[IMGl]http://www.tcb-world.com/images/reviews/dressingroom_august10_1970.jpg[/IMGl] Up to this point, it is hard to imagine a better performance for opening nights concert that is being filmed. The crowd is into it, Elvis is on, and the band is playing tight. Now a strange edit occurs on this FTD release which in a way stops the momentum. Ernst Jorgensen edits out the band intros. Not that the band intros are that interesting, but it is the principle of it. Even worse, it has been noted that Elvis may have very well performed 'Don't Be Cruel' and 'Heartbreak Hotel' immediately after the band intros. There is no excuse to remove these songs. When one looks at the set-list of 'One Night In Vegas' it is obvious that something is missing. It is hard to imagine Elvis not performing some of his big 50's hits. Aside from a lame 'Love Me Tender' and a couple of his Sun tunes, nothing from the 50's are performed. BMG is pushing it if they think they can sell the idea that some of those 50s songs were not performed. Personally, I am not a fan of Elvis' performances of his 50's songs in the 70's, but there was no reason to edit them out of a so-called "complete" concert. Unless there was an actual problem with the recording, the songs and band intro segment should have been left in. With the running time of the CD at 72 minutes, there was certainly enough time to add those two songs that are most likely missing. If BMG is going to release live shows, they shouldn't tamper with them unless there are unavoidable technical problems.
With that said, the concert then moves on with a decent version of 'I've Lost You'. He then moves on to a stunning version of 'Bridge Over Trouble Water'. This is the sort of song, like many of his other ballads from 1970, you could guarantee he would perform with passion and almost flawless execution.
The show is coming to an end and Elvis finishes with a bang. Next he performs a powerful version of 'Patch It Up'. This may have been his hardest rocking song of the 70's. This was definitely a way to get the crowd on its feet and right after the conclusion of the song, he rolled into his consistent show closing number, 'I Can't Help Falling In Love.' It is an average version like it usually was. It is a shame that he usually threw away the last song. However, it seems that 'Can't Help Falling In Love' was more about the ending of an event, the conclusion of an hour with one of the greatest live performers ever, rather than one last breathtaking number anyway.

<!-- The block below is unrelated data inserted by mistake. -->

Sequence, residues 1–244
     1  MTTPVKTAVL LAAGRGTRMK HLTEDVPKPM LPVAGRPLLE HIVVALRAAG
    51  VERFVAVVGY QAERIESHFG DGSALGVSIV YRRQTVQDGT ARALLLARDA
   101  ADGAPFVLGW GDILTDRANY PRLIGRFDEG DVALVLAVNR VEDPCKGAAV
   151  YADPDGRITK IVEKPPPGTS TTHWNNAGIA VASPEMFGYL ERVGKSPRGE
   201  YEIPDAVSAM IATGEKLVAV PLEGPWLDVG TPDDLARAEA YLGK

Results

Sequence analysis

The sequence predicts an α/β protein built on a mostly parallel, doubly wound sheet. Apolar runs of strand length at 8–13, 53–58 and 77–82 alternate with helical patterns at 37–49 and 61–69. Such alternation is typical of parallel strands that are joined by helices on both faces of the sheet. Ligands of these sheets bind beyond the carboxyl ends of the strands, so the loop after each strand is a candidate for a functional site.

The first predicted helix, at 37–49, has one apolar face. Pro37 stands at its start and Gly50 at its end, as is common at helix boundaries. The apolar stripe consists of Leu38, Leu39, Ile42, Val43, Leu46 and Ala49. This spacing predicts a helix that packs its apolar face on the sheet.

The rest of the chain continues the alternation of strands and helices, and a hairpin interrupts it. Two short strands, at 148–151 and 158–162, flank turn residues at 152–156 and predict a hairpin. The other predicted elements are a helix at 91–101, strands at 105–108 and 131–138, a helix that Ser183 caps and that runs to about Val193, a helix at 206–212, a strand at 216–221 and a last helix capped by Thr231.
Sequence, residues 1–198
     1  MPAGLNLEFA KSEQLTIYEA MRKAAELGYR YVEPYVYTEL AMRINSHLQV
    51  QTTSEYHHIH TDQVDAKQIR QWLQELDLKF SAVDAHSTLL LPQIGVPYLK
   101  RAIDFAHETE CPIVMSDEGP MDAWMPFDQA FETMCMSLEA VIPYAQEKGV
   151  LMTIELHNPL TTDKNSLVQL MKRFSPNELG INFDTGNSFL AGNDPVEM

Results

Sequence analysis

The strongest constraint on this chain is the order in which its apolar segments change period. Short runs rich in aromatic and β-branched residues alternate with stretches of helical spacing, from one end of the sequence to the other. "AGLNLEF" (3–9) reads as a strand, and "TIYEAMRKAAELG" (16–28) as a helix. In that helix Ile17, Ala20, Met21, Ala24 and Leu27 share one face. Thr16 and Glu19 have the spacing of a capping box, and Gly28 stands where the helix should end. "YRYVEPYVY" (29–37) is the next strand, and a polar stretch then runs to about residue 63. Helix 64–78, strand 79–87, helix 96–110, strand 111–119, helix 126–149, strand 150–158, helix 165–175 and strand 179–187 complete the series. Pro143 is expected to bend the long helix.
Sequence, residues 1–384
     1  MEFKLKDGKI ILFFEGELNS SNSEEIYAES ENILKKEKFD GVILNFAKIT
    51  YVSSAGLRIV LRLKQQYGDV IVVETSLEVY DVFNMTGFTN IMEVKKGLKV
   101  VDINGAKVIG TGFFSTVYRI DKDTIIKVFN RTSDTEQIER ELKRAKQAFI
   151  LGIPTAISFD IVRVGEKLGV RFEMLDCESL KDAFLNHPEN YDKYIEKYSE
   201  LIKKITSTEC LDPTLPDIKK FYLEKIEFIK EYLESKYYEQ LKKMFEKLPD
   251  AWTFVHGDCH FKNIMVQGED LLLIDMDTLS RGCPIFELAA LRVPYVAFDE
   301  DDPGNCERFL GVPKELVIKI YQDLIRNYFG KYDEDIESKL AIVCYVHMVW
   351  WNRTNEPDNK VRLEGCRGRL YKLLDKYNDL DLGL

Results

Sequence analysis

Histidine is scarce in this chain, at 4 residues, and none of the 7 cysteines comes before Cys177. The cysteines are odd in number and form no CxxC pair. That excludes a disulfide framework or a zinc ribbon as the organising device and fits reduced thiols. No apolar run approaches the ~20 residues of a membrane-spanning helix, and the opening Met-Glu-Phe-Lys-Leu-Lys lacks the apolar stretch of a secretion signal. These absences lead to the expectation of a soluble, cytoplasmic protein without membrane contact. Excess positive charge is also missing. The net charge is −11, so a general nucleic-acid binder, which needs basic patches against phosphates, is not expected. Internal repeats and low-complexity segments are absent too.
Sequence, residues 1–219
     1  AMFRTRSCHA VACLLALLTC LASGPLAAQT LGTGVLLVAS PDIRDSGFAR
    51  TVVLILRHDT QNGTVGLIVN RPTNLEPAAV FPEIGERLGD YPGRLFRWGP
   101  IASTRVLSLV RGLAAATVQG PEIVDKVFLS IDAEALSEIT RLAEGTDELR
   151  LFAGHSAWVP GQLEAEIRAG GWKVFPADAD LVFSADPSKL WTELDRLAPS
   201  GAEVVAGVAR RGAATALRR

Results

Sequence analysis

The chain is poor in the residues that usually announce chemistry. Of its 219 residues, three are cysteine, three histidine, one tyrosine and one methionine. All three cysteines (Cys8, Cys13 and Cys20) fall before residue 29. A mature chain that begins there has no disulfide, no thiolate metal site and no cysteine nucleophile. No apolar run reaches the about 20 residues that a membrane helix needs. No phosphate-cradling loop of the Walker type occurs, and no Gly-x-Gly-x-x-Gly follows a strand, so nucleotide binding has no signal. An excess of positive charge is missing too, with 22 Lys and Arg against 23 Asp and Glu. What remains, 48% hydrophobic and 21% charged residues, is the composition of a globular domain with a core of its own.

This is an outstanding show. Something the fans and the music world came to expect out of Elvis at this stage of his career. It is absolutely ridiculous that BMG waited until the year 2000 to finally release a concert in its entirety from 1970 considering it represents truly how amazing Elvis was in concert.
Of course, there is still some more to discuss. There are a few additional songs added to the end of the concert that are from some rehearsals. Some fans may find this as a wonderful bonus. Personally, I think it was a waste of space. Yes, I'm happy to have a few more unreleased rehearsal performances, but they shouldn't have been included on this release, especially if they are what replaced the missing songs from the concert. If BMG wanted to add rehearsal material, they should have added some stage rehearsals, as they would have been more of a representation of a true sound-check rehearsal, which most artists perform before a big concert. The bottom line is that the CD didn't need rehearsals, it needed to be a complete show.
Aside from the inclusion of unnecessary rehearsals and the omitted songs and band intros, this is one fantastic CD. Every Elvis fan and every person out there who wants the live Elvis experience should own a copy of "One Night In Vegas ". The artwork isn't too bad, but as with all FTD releases, the entire release could have been enhanced with some additional information within the packaging about the music. I will conclude by saying that BMG/FTD still has the ability to release a handful of incredible shows such as this from 1969-1970. Let's hope that this is just the beginning. Elvis deserves to be recognised in this way.
? Andy Urias, June 30 2001